- I can’t believe how influential pop culture is on my daily life. OK, no, I lie. I can believe it. I am a pop culture junkie. I am not high brow, I won’t even begin to pretend I live a highly cultured life. I’m not saying that I turn away from high art, but I do live life with both Ludwig van Beethoven and Lady Gaga on my playlist. Living life as a lover of low-brow culture means I am a slave to pop culture references, and it infiltrates my life all the time.
I don’t think I can go through life without attaching a thought or moment to a quote from a TV show or movie.
Like just now, my boyfriend was talking about him and his brothers watching a magician’s performance when they were kids. After he finished his brief anecdote, I quoted a line from Community during the episode called Advanced Dungeons and Dragons, when Chang explained that he was “A magiciaaaaaan”. And I laughed because of the delivery of the line. And I laughed because of the line after it (which is, for those playing at home, “Magic user baby, whaaaaaaat”).
Not many people will understand the reference above. I wonder if there are other people out there who also receive blank stares when referencing a moment in pop culture?
- When someone talks about their insignificant problems (what is now commonly referred to as First World Problems), I follow it up with a line Chandler Bing said in Friends, which goes like this: Oh, I know, this must be so hard. “Oh no, two women love me. They’re both gorgeous and sexy. My wallet’s too small for my fifties AND MY DIAMOND SHOES ARE TOO TIGHT.”
Nobody thinks that funny except for me and maybe the 50 Friends fans left in the First World. Ironically, I’m probably related to about 12 of them.
- I am with two or more of my friends. One of them is not facing the rest of the group, so we cannot talk to him or her face to face. To remedy this situation, my other friend tells them to turn around. To which I sing in my head: Turn around, bright eyes. Every now and then I fall apart!
And then I just go into the full song, silently in my head, while the conversation with my social group continues around me. Does anyone else ever hear Bonnie Tyler in their head
- I am sitting at work, checking my emails. One of them is immensely, intensely and mind-numbingly uninteresting. You know the one? It usually includes phrases like, “The northern end of the car park is under construction” or “Please ensure you check out HR’s charity cupcake stall on level two”. I read emails like this and quote Michael Cera from Scott Pilgrim vs. The World and think: This is boring. Del-eeete.
I didn’t even like the movie when I first watched it and now, that line is all I tell myself when I read boring emails at work. Oh, hahaha, sorry. Did I say work? I meant at home. I only read unimportant and insignificant emails at home, never during work hours because everything I read at my place of work is important and interesting and I am service-oriented and will die an employee of Status Quo Pty. Ltd.
I am so sleepy and I need to sleep. I feel so sleepy. Sleeeeeepy. Sleeeepy. Poppies will put you to sleep. Sleeeeeeeeeeep ….
I met up with a writer’s group last Monday and at first I was a bit hesitant to do so. I didn’t feel like I should be in cahoots with a group of writers. And also, it was Monday night and raining, and Mondays at my 9-5er usually do my head in.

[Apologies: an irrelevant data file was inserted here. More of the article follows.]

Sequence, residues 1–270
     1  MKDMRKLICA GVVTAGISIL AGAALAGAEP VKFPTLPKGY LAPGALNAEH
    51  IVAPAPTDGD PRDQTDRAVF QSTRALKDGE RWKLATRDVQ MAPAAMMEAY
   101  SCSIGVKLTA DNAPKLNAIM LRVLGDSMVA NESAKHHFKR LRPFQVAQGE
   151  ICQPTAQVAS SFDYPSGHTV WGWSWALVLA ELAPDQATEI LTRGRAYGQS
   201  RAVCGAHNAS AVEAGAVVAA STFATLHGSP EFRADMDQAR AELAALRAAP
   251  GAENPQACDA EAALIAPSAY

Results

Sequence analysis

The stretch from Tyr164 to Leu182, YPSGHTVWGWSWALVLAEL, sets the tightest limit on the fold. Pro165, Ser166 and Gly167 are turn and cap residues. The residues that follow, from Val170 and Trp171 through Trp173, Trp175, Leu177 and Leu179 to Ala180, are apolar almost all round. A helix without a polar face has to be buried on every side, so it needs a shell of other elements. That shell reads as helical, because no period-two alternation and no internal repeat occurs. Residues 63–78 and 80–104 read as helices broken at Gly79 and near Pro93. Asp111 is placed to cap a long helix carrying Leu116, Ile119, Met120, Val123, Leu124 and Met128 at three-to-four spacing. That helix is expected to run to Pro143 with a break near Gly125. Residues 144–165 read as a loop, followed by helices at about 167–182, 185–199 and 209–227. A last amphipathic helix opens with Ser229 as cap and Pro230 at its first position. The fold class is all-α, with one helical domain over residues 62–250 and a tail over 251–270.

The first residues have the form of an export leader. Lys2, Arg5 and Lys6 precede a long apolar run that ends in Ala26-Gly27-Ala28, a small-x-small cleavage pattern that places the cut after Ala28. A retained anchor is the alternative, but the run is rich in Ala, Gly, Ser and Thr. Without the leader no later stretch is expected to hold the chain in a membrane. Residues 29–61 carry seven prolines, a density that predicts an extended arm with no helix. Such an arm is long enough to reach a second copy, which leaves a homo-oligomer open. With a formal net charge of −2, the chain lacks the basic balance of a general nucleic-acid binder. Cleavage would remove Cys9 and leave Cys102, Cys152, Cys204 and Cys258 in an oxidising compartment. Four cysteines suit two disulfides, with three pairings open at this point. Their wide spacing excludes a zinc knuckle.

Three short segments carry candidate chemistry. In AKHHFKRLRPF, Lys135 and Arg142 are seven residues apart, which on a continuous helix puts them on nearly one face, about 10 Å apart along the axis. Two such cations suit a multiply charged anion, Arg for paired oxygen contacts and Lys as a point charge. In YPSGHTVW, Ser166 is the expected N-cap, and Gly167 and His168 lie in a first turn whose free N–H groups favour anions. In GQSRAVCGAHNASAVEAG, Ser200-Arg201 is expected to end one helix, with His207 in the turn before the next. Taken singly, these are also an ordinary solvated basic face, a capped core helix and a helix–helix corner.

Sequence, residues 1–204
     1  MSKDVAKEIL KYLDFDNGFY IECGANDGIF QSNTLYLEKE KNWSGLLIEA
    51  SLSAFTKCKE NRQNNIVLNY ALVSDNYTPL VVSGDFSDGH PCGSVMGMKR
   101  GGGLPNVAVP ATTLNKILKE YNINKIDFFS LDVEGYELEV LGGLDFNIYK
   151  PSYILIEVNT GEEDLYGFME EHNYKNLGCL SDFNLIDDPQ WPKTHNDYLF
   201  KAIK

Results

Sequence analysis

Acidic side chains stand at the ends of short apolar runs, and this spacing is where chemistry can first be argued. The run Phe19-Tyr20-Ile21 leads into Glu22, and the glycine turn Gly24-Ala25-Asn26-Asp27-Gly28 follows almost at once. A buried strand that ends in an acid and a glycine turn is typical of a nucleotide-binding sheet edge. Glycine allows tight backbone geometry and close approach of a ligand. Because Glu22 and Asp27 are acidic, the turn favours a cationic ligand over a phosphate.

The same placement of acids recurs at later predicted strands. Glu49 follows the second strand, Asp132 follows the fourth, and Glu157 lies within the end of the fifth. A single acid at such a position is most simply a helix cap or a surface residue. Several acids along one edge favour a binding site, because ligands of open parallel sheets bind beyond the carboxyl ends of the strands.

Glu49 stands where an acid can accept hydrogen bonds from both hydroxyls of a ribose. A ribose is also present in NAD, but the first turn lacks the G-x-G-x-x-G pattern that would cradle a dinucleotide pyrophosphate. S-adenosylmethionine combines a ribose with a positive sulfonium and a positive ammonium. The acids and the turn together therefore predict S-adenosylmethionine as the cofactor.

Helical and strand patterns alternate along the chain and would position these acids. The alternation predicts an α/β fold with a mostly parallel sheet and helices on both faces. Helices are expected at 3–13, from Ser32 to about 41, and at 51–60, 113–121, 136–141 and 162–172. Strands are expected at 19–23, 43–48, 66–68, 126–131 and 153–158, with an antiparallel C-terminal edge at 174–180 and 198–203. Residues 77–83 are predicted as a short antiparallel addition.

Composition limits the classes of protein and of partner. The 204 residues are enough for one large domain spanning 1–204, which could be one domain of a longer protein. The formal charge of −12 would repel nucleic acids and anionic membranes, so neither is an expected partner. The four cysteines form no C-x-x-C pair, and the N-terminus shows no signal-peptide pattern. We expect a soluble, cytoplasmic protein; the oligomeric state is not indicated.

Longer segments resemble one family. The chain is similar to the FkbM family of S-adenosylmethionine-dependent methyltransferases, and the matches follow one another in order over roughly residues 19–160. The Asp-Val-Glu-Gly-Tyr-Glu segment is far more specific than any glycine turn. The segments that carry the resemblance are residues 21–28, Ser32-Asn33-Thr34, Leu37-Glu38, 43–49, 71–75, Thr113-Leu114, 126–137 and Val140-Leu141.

But I’m glad I went along, because they were great and it was just nice to be around a nice bunch of people, outside of my tight-knit circle of friends, with whom I shared a common interest . I don’t think I would’ve been able to do this 3 years ago. I don’t think I would’ve been able to do this even 5 years ago.
Back then I didn’t think I had anything to write about. I thought, “If I don’t have anything to write about, then I’m effectively a shit writer”. It’s only been in the past year or so I’ve realised that what you write has nothing to do with how you write. You just have to write. I still don’t have anything to write about (preferring to write about other people) and all in all I’m no Hemingway but being a writer means you just sit down, and write.
I’m not getting any younger but I’ve become a little more courageous. So I now know that I need to make a concerted effort to write, lest I look back on my life in my twilight years and wish I had pursued my passion. I didn’t have this courage before, preferring to go another route (career-wise) instead and always wondering why I didn’t feel any satisfaction from what I was doing. And it’s not like I had shitty jobs or worked with shitty people or shitty companies. In fact, it’s been quite the opposite. And then I just ended up feeling guilty for wanting to quit my jobs (yes) because I knew how lovely these roles and companies were. For people who gave a shit. Which I didn’t. I was happier when I was doing the writing tasks for my roles, but couldn’t find the drive to put my all into other parts of my responsibilities. And I dearly wanted to, trust me!
I’m happy to say that I’m back on track and following my passion. Not my dreams, no. Calling writing a “dream” kind of makes it sound like it’s smooth sailing and easygoing, which it so is not. Finding the time, energy and inspiration to write is hard, and networking and pitching scare the bejesus out of me. But I’m doing more of it, and slowly, slowly I will get better at the business of writing. And then one day, hopefully, I will actually be better at writing.
But I’m very glad I went out last Monday night to meet with the Sydney Writer’s Meetup Group. Very glad indeed.